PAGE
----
The door bells chimed someone’s entrance. I put Lana back in the stroller; she was now as docile as if I’d given her Benadryl instead of sugar.

“See you, Ms. Butler,” Tom said.

“Yup,” I answered.

*   *   *

When I got back home, Josh’s car was in the driveway. He hadn’t put it in the garage, and it poised on the threshold, as if trying to decide if he would stay home or go out. Inside, I found him coming down the front stairs. He was out of breath; he must have carried the suitcase up.

“Heavy,” he said.

I raised my left hand as if to say, “Don’t start.”

He lifted Lana out of the stroller and frowned at her sticky hands. I shrugged my shoulders as if to say, “Kids, what can you do?”

“Hi, Princess,” my mother called from the kitchen. I wasn’t sure if she was calling me or Lana.

All the windows in the kitchen were suspiciously open, and Tan was playing docilely at the kitchen table. I decided not to say anything. Josh would make it a bigger deal than it was. Mom was just testing the waters, seeing how far she could push. She’d settle in soon, start respecting the rules.

“Hey Tanster,” I said.

“I made a Batman scene.”

Josh said, “You mean the Batcave?”

“No,” Tan said, drawing out the word as if Josh must be slow. “A diorama. See? Here’s Batman’s bedroom, and his mom and dad’s bedroom. Here’s the garage and the Batmobile’s in it. This is the kitchen.” Tan had constructed a house including only the rooms that were important to a six year old.

“Cool,” Josh said. “Where’s the bathroom?”

Tan stared at him. “It’s imaginary,” he said.

Tan had very little patience for his father. In general, he had little patience. It’s unclear where he picked up this character trait it; he couldn’t have gotten his way very often in the orphanage. But patience, like stubbornness, must be a quality you’re born with. When we got him home at 18 months (though he could barely sit up, and wasn’t walking at all) Tan demanded. We couldn’t understand the language (it might have been some obscure Cambodian dialect or something he had made up), its meaning was patently clear. He has been ruling our house ever since.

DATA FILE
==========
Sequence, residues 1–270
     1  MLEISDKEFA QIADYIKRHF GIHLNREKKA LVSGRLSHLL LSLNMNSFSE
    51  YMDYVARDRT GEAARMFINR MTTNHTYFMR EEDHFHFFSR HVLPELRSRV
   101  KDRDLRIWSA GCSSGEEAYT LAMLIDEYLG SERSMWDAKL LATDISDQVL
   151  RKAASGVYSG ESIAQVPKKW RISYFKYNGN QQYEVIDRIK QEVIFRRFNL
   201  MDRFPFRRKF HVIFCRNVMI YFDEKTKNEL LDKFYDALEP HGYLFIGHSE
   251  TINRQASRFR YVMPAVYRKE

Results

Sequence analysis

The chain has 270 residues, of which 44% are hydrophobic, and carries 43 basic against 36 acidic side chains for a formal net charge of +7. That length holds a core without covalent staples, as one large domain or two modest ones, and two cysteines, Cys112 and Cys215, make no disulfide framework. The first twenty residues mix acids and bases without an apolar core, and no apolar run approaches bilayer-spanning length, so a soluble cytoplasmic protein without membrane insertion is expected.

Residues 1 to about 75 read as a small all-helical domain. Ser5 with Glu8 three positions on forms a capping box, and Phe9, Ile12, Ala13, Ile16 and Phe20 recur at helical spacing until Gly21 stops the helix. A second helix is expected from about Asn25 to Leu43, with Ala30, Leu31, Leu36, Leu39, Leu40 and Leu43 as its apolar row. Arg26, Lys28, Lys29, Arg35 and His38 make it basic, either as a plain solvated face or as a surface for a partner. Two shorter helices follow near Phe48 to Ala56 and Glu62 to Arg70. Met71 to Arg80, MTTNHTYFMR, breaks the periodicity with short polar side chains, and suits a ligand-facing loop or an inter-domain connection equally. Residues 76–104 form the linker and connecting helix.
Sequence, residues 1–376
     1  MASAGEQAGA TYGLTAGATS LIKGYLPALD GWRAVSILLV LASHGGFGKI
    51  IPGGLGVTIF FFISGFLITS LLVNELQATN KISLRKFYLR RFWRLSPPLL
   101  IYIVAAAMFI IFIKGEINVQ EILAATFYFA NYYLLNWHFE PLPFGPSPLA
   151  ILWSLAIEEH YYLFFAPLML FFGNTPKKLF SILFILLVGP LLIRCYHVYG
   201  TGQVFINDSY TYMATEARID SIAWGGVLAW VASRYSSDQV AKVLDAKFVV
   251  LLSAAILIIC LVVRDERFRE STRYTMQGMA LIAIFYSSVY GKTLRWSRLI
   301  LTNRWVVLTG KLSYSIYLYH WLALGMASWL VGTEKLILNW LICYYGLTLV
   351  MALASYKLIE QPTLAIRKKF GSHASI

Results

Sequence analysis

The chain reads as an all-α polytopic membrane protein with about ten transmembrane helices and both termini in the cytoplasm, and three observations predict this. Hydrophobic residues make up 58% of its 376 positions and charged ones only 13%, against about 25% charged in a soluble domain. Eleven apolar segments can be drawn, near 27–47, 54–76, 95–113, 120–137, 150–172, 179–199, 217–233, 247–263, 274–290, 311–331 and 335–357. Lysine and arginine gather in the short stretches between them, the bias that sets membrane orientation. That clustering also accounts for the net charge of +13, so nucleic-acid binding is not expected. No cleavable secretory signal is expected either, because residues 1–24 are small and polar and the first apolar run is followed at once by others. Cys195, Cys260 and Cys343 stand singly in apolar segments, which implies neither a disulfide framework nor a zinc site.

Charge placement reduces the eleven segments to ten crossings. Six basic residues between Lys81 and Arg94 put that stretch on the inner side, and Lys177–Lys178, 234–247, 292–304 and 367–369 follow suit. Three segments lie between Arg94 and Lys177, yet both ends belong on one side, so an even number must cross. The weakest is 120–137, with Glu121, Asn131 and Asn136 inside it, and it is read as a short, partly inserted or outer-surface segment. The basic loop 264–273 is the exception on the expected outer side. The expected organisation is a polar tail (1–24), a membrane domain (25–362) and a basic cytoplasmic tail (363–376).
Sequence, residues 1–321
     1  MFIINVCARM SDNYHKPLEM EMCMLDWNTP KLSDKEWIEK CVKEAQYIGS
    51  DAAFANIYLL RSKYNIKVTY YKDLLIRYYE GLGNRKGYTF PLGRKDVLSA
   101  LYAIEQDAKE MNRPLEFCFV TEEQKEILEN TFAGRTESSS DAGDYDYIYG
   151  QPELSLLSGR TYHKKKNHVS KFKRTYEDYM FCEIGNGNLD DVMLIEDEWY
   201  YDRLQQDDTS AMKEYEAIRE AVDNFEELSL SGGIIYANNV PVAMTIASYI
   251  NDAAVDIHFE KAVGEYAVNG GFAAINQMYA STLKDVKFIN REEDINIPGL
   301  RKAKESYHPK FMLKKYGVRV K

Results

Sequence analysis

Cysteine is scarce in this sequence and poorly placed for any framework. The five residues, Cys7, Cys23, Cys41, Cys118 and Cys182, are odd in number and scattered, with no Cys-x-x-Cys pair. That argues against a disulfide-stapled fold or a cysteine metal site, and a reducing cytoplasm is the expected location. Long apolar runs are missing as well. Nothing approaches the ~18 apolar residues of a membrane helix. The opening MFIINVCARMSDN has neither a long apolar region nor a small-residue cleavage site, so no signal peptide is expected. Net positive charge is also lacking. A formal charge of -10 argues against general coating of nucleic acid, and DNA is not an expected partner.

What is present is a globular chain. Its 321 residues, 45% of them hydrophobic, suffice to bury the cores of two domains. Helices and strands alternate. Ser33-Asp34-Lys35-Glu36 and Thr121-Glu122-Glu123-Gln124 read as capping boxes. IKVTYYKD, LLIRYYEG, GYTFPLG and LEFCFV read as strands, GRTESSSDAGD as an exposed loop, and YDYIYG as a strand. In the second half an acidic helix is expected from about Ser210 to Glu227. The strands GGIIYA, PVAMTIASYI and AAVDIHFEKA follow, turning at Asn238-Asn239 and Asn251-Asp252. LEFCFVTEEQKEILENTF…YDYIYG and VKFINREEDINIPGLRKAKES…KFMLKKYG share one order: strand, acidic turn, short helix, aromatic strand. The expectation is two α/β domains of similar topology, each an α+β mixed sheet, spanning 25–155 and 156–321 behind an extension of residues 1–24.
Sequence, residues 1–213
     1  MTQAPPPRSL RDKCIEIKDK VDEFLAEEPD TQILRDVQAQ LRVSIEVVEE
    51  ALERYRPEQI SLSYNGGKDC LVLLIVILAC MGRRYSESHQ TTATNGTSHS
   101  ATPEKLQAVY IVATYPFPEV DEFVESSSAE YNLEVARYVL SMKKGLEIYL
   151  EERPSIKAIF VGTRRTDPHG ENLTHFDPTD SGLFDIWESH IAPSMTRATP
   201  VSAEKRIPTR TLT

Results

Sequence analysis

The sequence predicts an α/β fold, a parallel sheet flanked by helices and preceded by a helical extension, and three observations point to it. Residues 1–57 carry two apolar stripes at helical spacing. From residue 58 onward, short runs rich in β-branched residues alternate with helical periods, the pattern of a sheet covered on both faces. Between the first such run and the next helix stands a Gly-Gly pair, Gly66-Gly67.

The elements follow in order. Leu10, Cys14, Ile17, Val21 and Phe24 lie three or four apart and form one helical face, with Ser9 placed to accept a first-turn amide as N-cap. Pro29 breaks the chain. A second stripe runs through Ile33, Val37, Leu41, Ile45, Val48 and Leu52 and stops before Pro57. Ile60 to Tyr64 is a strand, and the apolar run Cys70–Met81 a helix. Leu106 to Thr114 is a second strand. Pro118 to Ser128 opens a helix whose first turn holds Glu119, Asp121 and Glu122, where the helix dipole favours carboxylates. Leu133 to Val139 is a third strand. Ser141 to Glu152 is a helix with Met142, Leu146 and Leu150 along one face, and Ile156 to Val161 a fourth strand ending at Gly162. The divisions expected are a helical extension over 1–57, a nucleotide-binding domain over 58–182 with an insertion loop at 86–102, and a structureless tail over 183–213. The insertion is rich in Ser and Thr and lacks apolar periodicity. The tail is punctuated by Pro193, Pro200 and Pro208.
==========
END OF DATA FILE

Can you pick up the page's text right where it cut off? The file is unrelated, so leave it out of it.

Lana we got when she was just a few weeks old. She’s American, or African-American. And she was as accommodating as an infant as she is now a year and a half later.

It was important to Josh and me, if we couldn’t have biological children, that we adopt those who might otherwise be overlooked by adoption agencies. Josh put his foot down on special needs children, although it seems clear that Tan’s path through school is not going to be easy. Some obvious ADHD, maybe dyslexia, or dysgraphia, or both.

“I’ll start dinner,” I said.

“I’ll help,” my mom said.

“Don’t bother,” I said. “It’s pasta, so there’s not a lot to do.”

“I can make a salad,” she said.

“I buy it pre-made.”

“No one needs a mother anymore.” My mother sighed.

“I do!” Tan said. He paid attention to adult conversations.

“I don’t need your criticism on my homemaking,” I said, perhaps a bit more harshly than I meant.

“I’m not criticizing, I’m just—”

“Go up and unpack,” I said. “I’ll call you when it’s ready.”

When she left, Josh came up behind me and put his hands on my hips. He kissed the crown of my head, then patted my rump twice affectionately.

“Wanna go toss a ball, Tan?”

And then it was just Lana and me in the kitchen. She climbed up onto the breakfast bench and with one blow smashed Batman’s bedroom. There would be tears. I wondered if I could blame it on my mother.

*   *   *

“Mira, I mean, she can’t live here.” I whispered to my sister on the phone.

“I think she might be already.”

I looked at Lana, sleeping at the foot of our bed, curled in her baby blanket. “I can’t take it.”

“Then you have to put your foot down.”

“I’m not good at that.”

Mira sighed. I could hear background noise. She was out somewhere. A party? A bar? Since her divorce, Mira was secretive about her whereabouts. She probably wanted me to think she’d joined a swingers club or something, but I know Mira well enough to know that her secret was probably really banal, like a Weight Watchers meeting or a divorce support group. Whenever anything exciting happens to her, she likes to tell me; it’s only the daily stuff she makes a mystery out of.

She cleared her throat. “Did you get a chance to talk to her about it? Is it for real? Have you talked to dad?”